The concept of creating styles has been around since long before the Web.
Desktop publishing programs (such as Adobe InDesign) and even word processing programs (such as Microsoft Word) have long used styles to manage the formatting and editing of text on printed pages. When using styles in a word processor, you can create and save styles for common features, such as headlines and captions.
In print design, styles are great timesavers because they enable you to combine a collection of formatting options (such as Arial and bold and italic) into one style and then apply all those options at once to any selected text in your document by using only a single style. The advantage is that if you change a style, you can automatically apply the change everywhere you’ve used that style in a document.
On the Web, you can do all that and more with CSS because you can use style sheets for even more than just text formatting. For example, you can use CSS to create styles that align images to the left or right side of a page, add padding around text or images, and change background and link colors. You can even create more than one style sheet for the same page @@md say, one that makes your design look good on computers, another for cell phones, and a third for a printed page.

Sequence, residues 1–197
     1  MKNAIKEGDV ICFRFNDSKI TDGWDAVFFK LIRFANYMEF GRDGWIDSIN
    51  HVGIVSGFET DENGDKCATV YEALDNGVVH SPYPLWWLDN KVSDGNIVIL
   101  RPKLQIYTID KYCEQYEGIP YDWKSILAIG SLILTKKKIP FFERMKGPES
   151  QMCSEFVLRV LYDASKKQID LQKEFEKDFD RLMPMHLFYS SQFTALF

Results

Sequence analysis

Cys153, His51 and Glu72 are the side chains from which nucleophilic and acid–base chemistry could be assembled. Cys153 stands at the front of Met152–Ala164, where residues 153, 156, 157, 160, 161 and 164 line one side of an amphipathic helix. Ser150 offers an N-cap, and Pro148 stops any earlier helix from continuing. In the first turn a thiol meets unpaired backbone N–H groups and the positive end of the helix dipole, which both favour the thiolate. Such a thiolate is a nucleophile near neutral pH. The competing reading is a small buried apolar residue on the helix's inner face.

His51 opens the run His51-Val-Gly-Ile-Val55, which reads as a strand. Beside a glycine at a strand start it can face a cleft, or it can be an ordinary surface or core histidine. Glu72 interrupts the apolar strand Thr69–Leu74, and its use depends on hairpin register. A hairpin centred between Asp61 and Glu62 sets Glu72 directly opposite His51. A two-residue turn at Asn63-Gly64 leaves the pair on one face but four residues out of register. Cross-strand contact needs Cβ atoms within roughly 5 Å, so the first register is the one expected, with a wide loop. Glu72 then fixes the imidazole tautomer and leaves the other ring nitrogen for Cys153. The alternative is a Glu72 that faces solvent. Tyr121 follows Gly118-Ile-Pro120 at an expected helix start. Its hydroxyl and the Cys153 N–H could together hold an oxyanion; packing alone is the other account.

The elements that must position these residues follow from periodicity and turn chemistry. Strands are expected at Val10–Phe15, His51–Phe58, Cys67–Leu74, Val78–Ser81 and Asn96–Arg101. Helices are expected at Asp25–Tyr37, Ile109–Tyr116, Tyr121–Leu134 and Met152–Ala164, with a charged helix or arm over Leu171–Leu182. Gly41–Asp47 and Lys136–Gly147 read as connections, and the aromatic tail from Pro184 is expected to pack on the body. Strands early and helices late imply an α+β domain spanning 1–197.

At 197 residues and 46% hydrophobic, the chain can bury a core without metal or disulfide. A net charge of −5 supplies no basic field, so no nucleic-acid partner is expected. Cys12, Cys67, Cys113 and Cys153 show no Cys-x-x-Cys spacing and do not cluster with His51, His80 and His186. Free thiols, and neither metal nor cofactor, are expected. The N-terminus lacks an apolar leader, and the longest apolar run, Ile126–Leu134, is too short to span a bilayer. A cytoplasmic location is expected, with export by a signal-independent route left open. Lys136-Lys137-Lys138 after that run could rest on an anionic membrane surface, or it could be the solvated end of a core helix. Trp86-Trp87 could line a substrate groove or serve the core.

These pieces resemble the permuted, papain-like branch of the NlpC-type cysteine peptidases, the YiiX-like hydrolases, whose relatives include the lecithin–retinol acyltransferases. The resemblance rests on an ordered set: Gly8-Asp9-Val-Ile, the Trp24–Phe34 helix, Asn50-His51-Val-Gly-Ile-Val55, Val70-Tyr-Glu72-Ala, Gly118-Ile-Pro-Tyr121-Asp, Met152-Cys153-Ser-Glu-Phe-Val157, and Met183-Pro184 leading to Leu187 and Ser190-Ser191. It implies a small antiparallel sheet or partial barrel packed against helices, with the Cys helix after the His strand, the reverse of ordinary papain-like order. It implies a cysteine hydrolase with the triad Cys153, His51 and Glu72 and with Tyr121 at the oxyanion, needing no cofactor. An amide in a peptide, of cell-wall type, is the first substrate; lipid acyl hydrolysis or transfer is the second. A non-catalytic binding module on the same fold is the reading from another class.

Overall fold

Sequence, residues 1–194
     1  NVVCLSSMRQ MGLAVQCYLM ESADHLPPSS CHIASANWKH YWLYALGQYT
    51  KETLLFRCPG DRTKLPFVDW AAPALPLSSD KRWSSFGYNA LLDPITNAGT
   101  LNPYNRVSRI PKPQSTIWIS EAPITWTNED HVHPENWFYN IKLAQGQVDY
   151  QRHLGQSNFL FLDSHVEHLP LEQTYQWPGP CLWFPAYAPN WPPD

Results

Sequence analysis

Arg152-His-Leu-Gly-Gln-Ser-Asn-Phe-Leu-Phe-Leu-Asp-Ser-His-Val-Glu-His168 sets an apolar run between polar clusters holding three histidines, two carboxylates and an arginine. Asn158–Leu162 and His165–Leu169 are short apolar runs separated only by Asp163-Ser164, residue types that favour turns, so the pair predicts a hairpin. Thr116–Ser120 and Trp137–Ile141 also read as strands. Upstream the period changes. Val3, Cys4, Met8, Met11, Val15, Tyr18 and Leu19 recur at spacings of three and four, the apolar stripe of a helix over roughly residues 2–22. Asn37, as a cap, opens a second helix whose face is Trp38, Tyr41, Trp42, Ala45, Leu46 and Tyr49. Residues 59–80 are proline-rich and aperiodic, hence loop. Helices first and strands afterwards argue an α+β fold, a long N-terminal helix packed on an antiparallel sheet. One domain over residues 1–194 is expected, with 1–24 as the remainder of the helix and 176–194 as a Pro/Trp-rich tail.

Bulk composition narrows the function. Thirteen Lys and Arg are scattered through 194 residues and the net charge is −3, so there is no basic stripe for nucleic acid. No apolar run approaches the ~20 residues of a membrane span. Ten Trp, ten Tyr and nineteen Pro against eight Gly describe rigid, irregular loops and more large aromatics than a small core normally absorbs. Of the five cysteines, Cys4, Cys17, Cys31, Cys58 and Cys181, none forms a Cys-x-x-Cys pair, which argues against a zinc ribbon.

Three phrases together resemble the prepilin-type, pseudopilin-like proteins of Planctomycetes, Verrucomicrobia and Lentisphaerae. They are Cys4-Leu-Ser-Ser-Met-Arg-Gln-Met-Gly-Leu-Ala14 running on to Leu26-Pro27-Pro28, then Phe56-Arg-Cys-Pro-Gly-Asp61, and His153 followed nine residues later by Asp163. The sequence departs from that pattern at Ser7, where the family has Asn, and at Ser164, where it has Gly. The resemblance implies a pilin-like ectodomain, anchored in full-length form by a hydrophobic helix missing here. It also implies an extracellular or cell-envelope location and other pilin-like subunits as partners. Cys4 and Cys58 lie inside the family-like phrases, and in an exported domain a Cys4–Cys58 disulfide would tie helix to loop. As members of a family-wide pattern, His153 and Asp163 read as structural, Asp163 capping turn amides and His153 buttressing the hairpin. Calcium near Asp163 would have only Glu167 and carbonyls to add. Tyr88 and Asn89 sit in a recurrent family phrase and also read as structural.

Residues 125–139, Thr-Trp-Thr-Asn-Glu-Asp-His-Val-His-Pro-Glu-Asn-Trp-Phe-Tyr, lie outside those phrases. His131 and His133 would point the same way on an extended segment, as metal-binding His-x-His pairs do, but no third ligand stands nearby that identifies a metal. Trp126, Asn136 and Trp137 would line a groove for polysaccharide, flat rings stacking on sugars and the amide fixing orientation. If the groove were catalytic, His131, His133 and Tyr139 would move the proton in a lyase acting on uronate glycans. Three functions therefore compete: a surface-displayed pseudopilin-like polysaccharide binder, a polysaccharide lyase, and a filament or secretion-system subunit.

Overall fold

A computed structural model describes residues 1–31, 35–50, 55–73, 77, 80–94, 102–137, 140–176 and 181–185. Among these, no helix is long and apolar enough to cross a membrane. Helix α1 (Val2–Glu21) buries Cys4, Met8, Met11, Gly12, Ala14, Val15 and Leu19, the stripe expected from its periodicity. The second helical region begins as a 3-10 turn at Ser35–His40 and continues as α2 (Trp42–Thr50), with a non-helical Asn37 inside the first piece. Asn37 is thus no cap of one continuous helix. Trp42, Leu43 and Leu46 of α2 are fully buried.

For all these reasons (and more), CSS has quickly become the preferred method of designing Web pages among professional Web designers. One of the most powerful aspects of CSS is that it enables you to make global style changes across an entire Web site.
How Cascading Style Sheets Work
Suppose, for example, that you create a style for your headlines by redefining the <h1> tag to create large, blue, bold headlines. Then one fine day, you decide that all your headlines should be red instead of blue. If you aren’t using CSS, changing all your headlines could be a huge undertaking — a matter of opening every Web page in your site to make changes to the font tags around your headlines.